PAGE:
Compared to the enhanced cash portfolios that were popular before the financial crisis — but generally blew up following the September 2008 bankruptcy of Lehman Brothers Holdings Inc. — “the next generation version is much more watered down, less risky,” JPMAM's Mr. Donohue said.

For example, J.P. Morgan Asset Management (JPM)'s own ultrashort liquidity strategies do not invest in mortgage-backed securities. However, managers do invest in assets such as credit cards and auto loans, which have no extension risk. “We don't use futures or derivatives to hedge down duration,” Mr. Donohue added.

In addition to lengthening duration and marginally increasing risk, some investors are using repurchase agreements to add yield to their liquidity portfolios, sources said. In what's known as a repo and reverse repo, securities including U.S. Treasuries or other government bonds are "loaned' in return for a fee and collateral, which could include high-quality credit or other securities.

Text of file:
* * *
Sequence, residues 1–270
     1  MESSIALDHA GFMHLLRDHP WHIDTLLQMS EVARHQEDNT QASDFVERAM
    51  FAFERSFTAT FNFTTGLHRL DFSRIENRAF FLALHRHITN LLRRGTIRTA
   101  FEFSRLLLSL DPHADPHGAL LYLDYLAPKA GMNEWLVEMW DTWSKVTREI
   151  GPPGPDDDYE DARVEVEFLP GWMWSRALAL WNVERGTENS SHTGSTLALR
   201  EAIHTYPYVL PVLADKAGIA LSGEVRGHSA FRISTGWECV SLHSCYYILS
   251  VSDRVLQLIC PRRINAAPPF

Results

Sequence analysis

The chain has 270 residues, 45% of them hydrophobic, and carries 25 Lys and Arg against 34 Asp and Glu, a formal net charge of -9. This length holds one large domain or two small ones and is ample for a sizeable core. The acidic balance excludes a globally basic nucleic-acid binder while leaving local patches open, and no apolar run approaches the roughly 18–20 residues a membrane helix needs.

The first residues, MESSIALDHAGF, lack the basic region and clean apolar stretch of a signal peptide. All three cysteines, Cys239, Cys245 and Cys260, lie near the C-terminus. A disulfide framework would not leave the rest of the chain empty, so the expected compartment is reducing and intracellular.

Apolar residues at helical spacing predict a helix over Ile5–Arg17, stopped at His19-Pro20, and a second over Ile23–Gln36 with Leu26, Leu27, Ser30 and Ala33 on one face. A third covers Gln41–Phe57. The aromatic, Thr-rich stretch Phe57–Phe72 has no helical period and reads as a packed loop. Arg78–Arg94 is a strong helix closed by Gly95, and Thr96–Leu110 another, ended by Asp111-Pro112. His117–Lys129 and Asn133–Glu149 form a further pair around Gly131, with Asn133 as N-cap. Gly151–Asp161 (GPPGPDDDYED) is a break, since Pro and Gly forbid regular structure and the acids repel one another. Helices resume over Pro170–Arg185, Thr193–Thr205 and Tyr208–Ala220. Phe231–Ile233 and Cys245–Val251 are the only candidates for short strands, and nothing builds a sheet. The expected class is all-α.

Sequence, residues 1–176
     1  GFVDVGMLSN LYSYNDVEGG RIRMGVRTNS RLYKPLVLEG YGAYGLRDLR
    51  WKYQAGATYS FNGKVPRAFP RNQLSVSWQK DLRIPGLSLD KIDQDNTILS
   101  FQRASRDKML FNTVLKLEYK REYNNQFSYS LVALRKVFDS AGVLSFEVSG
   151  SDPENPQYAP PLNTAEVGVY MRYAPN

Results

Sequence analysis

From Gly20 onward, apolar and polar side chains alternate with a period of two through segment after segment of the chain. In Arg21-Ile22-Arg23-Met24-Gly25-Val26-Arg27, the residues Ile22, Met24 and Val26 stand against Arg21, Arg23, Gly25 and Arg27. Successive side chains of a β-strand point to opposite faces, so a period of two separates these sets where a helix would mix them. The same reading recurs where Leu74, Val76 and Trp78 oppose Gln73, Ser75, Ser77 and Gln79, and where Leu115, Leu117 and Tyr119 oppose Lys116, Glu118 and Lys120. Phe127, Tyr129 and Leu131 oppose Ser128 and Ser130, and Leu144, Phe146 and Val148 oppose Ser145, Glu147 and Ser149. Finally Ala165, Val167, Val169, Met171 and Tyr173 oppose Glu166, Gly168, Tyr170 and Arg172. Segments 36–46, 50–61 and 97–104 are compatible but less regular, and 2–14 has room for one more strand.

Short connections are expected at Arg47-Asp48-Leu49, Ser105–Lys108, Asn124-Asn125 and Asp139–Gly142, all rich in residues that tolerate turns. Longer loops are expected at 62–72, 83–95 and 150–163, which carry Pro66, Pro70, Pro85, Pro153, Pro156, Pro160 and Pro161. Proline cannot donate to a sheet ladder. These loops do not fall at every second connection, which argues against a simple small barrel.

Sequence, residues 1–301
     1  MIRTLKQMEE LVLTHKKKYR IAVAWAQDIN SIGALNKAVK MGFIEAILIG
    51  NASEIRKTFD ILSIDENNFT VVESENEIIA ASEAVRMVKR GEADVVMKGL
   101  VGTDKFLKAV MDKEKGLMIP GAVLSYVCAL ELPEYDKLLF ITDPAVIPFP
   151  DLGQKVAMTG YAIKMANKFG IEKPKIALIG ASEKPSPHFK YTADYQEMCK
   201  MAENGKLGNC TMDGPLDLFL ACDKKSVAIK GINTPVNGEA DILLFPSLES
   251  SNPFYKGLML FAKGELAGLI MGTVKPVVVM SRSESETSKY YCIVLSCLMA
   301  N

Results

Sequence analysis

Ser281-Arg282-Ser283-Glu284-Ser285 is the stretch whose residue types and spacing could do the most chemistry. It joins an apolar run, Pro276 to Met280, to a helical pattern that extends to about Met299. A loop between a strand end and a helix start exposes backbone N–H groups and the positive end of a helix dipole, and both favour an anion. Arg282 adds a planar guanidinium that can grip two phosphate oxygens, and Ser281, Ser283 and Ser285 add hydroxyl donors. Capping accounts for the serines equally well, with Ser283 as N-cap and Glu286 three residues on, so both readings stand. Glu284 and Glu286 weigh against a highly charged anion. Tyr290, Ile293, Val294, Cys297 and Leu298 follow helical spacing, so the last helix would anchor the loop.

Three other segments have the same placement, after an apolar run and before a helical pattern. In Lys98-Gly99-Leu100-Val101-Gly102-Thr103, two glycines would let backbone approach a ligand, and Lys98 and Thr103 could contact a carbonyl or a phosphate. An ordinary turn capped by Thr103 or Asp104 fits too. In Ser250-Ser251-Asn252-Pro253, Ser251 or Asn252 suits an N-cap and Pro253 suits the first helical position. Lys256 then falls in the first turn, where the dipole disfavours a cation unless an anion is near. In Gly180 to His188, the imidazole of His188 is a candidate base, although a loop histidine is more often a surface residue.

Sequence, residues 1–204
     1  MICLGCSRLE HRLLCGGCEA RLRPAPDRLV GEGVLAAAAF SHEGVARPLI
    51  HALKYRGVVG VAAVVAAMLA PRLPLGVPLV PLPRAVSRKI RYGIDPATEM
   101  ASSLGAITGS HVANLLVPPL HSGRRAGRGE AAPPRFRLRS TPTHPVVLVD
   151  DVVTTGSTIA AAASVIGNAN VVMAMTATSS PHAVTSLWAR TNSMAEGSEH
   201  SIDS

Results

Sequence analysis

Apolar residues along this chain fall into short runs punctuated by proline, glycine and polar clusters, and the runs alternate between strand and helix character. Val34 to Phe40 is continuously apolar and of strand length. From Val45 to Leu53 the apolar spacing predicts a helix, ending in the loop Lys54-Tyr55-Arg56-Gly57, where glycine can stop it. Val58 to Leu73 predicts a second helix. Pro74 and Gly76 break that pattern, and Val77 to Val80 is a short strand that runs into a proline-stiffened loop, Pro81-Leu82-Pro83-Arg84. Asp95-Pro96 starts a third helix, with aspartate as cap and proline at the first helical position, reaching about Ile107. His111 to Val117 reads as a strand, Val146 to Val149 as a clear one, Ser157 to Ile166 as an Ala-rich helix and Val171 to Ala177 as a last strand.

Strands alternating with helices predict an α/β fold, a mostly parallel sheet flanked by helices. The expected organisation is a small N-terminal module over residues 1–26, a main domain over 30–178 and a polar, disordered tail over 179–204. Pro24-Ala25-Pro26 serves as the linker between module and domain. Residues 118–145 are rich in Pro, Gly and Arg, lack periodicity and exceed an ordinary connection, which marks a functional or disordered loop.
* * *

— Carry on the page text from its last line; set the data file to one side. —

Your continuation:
While this is similar to stock lending that institutions have done for years, pension funds have only begun lending their fixed-income securities since the financial crisis as a opportunistic way of helping banks gain liquidity, said Chris DeMarco, senior consultant at Aon Hewitt, who has advised pension funds on repos with durations generally of between two to five years.

“A lot of pension funds hold (nominal and inflation-linked government) bonds because they need them to match liabilities,” Mr. DeMarco said. “More pension trustees are seeing that these liquid assets — generally with very high credit quality — are a source of value.”

Mr. Lacaille of SSgA added that the three most important factors to consider in a repo transaction are the underlying borrower, the maturity, and the type and quality of the collateral. “Of that, the most important is the relationship between the borrower and the collateral; transaction counterparty exposure is the first line of defense from a risk mitigation perspective,” he added.